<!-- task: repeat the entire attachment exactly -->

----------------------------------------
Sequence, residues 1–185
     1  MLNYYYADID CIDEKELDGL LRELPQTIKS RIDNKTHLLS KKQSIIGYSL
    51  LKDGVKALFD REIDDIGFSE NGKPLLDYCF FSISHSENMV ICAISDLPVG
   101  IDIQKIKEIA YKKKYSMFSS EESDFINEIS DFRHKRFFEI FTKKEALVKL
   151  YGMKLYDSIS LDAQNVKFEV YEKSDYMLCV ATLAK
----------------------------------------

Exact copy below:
Sequence, residues 1–185
     1  MLNYYYADID CIDEKELDGL LRELPQTIKS RIDNKTHLLS KKQSIIGYSL
    51  LKDGVKALFD REIDDIGFSE NGKPLLDYCF FSISHSENMV ICAISDLPVG
   101  IDIQKIKEIA YKKKYSMFSS EESDFINEIS DFRHKRFFEI FTKKEALVKL
   151  YGMKLYDSIS LDAQNVKFEV YEKSDYMLCV ATLAK